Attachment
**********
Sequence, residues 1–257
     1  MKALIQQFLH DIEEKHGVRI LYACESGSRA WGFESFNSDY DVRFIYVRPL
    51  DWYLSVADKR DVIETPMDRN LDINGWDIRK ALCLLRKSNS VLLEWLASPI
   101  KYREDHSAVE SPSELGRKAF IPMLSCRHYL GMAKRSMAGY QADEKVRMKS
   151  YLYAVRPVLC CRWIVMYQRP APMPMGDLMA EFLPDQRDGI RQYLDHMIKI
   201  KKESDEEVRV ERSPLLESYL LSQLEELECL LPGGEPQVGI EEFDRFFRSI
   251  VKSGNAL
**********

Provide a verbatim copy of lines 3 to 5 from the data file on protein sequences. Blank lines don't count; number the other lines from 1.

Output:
    51  DWYLSVADKR DVIETPMDRN LDINGWDIRK ALCLLRKSNS VLLEWLASPI
   101  KYREDHSAVE SPSELGRKAF IPMLSCRHYL GMAKRSMAGY QADEKVRMKS
   151  YLYAVRPVLC CRWIVMYQRP APMPMGDLMA EFLPDQRDGI RQYLDHMIKI